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9th Circuit Rules Against Feds

Posted on 27 June 2017 by Howard Copelan

A federal appeals court says police in Nevada violated a Hawaii man’s constitutional rights, and the government can’t keep $167,000 in cash found in his motor home on Interstate 80 in 2013.

   A three-judge panel of the 9th U.S. Circuit Court of Appeals in San Francisco ruled Monday that a pair of traffic stops by a Nevada Highway Patrol trooper and an Elko County sheriff’s deputy with a drug-sniffing dog amounted to an effort to get around Straughn Gorman’s right to be free from unreasonable searches.

  Gorman’s lawyer, Vincent Savarese, noted the appeals court characterized the one-after-another stops as “impermissible gamesmanship” by officers buying time to get a drug-sniffing dog to search the vehicle.

    According to earlier reports, Gorman was first stopped by a trooper just outside of Wells for driving too slowly in the left lane. The trooper requested a drug-sniffing canine but none was available.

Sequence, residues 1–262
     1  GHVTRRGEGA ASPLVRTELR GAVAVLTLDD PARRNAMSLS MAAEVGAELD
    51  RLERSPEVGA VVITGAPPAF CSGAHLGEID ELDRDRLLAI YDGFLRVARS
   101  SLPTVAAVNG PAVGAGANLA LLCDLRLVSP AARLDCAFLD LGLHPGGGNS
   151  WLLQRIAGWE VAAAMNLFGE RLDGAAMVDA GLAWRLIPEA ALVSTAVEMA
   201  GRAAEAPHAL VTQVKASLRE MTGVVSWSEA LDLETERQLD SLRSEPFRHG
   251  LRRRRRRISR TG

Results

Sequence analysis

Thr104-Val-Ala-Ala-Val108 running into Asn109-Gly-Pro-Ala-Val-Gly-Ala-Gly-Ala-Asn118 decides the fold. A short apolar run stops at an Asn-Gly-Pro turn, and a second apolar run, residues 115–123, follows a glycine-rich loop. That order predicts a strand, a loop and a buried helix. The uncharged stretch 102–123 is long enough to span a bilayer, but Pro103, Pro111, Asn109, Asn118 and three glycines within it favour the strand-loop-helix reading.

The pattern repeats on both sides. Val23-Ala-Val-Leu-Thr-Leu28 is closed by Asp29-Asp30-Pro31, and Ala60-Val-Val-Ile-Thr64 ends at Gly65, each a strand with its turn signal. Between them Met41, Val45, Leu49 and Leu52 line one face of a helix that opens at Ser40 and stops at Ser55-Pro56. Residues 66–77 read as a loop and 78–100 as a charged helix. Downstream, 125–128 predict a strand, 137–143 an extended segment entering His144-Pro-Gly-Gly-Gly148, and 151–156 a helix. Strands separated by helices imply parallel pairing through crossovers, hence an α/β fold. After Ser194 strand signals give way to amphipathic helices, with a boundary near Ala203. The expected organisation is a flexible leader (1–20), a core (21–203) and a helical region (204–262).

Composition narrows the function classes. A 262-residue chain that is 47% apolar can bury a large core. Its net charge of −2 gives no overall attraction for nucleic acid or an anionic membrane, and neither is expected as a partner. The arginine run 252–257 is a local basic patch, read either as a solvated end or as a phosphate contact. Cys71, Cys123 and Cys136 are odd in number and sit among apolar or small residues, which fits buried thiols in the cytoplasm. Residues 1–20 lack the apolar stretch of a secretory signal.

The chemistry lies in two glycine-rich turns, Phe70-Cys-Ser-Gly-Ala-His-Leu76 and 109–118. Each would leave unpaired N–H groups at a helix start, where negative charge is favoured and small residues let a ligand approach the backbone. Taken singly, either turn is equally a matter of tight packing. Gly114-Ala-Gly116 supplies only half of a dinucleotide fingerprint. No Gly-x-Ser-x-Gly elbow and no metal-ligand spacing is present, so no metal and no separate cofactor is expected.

After questioning the driver about his personal income and travel plans, the trooper let him go. Then the NHP contacted Elko County law enforcement, and a deputy pulled Gorman over near Elko.

   The dog reportedly “alerted” to something in the rear of the vehicle, but when deputies searched it they found cash, not drugs.

    Gorman was not charged with a crime, but federal prosecutors sought to keep the money.

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